Clwyd (Welsh pronunciation: [ˈklʊɨd]) is a preserved county of Wales, situated in the north-east corner of the country; it is named after the River Clwyd, which runs through the area. To the north lies the Irish Sea, with the English ceremonial counties of Cheshire to the east and Shropshire to the south-east. Powys and Gwynedd lie to the south and west respectively. Clwyd also shares a maritime boundary with Merseyside along the River Dee. Between 1974 and 1996, a slightly different area had a county council, with local government functions shared with six district councils. In 1996, Clwyd was abolished, and the new unitary authorities of Wrexham, Conwy County Borough, Denbighshire, and Flintshire were created; under this reorganisation, “Clwyd” became a preserved county, with the name being retained for certain ceremonial functions.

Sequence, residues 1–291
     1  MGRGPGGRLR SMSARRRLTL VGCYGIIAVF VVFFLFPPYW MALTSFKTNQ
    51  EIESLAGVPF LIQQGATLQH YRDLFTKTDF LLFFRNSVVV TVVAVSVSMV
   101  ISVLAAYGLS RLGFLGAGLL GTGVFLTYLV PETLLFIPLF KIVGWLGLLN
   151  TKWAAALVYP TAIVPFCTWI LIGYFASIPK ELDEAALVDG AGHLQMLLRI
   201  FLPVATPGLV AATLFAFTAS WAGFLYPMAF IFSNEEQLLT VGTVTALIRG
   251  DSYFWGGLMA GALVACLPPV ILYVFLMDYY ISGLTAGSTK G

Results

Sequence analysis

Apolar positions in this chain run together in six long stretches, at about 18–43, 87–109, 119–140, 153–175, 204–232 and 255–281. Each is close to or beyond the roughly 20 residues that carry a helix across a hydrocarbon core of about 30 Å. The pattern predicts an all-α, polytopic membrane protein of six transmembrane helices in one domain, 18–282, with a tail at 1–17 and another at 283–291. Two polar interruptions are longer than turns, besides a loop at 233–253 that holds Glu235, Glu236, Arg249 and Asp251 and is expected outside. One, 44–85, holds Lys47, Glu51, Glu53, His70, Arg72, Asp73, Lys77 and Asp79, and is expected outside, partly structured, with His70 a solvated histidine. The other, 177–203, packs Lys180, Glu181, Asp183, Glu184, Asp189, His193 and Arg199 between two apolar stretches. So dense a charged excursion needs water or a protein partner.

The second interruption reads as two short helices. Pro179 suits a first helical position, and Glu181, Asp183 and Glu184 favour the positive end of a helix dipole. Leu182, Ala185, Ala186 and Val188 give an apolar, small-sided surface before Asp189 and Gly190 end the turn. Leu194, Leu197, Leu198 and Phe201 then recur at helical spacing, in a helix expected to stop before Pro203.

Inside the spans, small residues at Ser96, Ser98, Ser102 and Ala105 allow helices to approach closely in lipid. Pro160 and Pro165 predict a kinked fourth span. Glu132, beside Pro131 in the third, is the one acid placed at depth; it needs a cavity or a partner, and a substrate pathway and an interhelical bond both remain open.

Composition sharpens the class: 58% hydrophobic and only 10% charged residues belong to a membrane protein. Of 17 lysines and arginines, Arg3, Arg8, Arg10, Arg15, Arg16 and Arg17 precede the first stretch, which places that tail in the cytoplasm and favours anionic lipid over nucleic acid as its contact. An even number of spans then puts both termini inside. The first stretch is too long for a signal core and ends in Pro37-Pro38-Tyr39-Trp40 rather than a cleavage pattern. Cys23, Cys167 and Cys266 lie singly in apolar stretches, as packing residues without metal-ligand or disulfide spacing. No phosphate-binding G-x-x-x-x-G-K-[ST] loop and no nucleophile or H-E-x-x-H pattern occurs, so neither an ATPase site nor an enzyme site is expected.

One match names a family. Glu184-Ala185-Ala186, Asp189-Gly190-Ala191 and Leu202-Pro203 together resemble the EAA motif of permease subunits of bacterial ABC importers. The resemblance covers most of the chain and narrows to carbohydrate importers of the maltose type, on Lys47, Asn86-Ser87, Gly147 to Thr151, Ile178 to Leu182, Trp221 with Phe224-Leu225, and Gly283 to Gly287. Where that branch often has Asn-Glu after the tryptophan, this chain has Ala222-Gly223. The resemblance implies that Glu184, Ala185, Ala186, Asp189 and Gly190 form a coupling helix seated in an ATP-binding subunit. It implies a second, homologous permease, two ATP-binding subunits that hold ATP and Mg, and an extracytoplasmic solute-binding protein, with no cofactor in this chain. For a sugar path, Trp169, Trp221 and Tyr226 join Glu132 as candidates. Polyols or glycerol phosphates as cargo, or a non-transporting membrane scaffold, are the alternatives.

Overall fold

This area of north-eastern Wales has been settled since prehistoric times; the Romans built a fort beside a ford on the River Conwy, and the Normans and Welsh disputed the territory. They built their castles at strategic locations as they advanced and retreated, but in the end England prevailed, and Edward I conquered the country in 1282. The Act of Union in 1535 incorporated Wales under the English Crown and made it subject to English law.
Traditionally, agriculture was the mainstay of the economy of this part of Wales, but with the Industrial Revolution, the North Wales Coalfield was developed and parts of eastern Clwyd around the Dee estuary and Wrexham became industrialised. The advent of the railway running from Chester along the North Wales coast in the mid-19th century made it easy for urban dwellers from Lancashire and Cheshire to visit the seaside towns of North Wales.